Finding Nana

Nana goes to Edinburgh

In August 2017, New Perspectives took Finding Nana to the Edinburgh Fringe. We had a fantastic creative team including director Katie Posner, designer Sara Perks, lighting designer Alexandra Stafford and sound designer Arun Ghosh.

As well as some great reviews, we received an overwhelming audience reaction. So many people relating to the story and lots of emotional responses.

The play is set to tour in Feb/March 2018.

See reviews and audience comments.

Finding Nana

Every summer, Jane and her Nana shared the same room in the same hotel in the same seaside resort for the same two weeks. That was until Nana started to lose her memory.

FINDING NANA, Lincoln Drill Hall, May 2013

FINDING NANA, early sharing or rough draft, Lincoln Drill Hall, May 2013

Flitting between the past and present, Nottingham and the Isle of Wight, and childhood and old age, Finding Nana is a play about love and loss, memory, disconnection and finding your way home.

Originally written for Making Tracks, a project started in the East Midlands by Theatre Writing Partnership, Finding Nana was shared as a work-in-progress at Lincoln Drill Hall and Colchester Mercury in May 2013. The play was directed by Esther Richardson with sound by Adam McCready.

Read blog posts from my Finding Nana journey.

January 2012
February 2012
April 2012

 

 

11 thoughts on “Finding Nana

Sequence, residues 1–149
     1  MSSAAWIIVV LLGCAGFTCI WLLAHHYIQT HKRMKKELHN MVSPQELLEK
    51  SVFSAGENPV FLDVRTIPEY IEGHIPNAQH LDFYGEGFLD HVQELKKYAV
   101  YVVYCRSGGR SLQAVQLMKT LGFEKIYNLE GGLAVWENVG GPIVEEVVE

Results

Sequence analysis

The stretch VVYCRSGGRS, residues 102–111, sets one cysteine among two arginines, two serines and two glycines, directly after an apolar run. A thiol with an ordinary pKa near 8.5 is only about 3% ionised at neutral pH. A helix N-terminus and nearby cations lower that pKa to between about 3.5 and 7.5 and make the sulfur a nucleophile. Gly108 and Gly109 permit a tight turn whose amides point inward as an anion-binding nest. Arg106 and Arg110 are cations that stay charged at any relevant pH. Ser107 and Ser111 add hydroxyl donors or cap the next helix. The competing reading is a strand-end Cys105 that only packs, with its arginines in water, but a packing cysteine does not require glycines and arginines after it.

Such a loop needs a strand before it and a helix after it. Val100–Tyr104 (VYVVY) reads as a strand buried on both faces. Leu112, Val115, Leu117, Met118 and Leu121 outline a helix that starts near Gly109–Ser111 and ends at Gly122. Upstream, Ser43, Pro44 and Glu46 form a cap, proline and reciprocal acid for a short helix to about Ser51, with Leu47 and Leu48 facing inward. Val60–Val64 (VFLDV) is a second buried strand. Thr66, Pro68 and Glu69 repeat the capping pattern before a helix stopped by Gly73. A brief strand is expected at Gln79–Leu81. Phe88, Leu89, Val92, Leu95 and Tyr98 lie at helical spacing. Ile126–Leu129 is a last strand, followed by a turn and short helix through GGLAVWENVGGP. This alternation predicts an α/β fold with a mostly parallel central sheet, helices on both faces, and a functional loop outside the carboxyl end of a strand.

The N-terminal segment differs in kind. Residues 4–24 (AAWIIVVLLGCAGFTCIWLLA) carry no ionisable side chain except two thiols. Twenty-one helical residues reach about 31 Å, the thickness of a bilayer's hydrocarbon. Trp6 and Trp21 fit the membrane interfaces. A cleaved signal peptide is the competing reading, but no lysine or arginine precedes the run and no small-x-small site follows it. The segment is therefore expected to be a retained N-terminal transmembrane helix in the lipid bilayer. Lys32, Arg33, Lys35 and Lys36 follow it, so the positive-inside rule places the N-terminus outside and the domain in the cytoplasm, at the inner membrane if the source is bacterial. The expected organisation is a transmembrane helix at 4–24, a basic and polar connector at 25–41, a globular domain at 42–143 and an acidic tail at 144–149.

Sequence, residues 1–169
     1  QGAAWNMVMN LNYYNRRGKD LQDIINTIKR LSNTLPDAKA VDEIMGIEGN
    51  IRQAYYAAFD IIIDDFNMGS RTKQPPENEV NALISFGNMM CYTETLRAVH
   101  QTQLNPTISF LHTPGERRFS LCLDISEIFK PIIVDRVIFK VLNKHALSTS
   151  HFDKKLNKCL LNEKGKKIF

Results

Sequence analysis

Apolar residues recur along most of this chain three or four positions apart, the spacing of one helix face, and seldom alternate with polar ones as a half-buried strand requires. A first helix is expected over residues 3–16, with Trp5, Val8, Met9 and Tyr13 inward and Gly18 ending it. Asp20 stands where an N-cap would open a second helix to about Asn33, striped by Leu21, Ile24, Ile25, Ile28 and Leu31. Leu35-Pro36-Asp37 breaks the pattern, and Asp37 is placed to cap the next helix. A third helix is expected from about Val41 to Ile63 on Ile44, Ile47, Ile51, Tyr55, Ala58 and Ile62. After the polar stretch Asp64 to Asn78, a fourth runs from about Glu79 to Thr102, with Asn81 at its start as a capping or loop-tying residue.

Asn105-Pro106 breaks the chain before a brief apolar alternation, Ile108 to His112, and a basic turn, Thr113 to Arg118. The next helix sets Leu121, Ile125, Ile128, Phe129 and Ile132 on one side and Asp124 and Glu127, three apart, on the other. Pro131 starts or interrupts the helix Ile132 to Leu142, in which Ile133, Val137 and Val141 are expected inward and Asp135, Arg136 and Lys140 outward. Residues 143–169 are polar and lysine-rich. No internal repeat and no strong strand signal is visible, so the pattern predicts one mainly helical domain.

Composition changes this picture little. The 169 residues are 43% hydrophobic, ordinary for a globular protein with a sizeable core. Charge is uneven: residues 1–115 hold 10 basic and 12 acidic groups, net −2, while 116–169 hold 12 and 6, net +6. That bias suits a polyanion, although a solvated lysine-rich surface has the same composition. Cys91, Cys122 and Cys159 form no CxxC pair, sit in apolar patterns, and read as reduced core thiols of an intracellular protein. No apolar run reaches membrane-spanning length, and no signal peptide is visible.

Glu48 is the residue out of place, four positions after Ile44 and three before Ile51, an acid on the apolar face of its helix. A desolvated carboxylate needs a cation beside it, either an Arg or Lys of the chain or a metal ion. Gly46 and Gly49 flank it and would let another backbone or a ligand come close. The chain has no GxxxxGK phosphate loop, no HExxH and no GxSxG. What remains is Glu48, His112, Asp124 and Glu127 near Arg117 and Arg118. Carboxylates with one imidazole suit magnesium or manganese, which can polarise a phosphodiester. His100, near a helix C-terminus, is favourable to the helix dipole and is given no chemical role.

1. I miss Nana and I want to remember her so thank you Jane for keeping Nana in our lives.

    We will never forget her and neither will anyone else in our family. She was the most energetic person I’ve ever met and she will always be.

    • I wish I had been born earlier so I could have spent more time with her. The only memories I have of her were spending time at her old people’s homes for her birthday and at her old house singing “when my hair has turned to silver…,” but yet again I wish I had more memories.

      I love you Nana.

  2. What a brave and inspirational project and journey. You’re a huge talent with a ‘huger’ heart – I’ve no doubt you’ll find Nana, and it will be amazing for everyone to hear your story.

    Good luck Jane x

  3. I wish I had got to know her better too. One of my favourite memories of Nana was when me and Al stayed with her on New Year’s Eve one year. Mum and Greg had gone out with Grandma and Grandad. Nana let me have the bed and an electric blanket and al only had a sofa bed thing :). We were playing games all night and when it got to midnight, fireworks started going off and Nana jumped so far into the air because she had completely forgotten it was New Year’s Eve.

    It so sad what happened to her, but at least she is out of pain now. Love you always Nana
    xxxx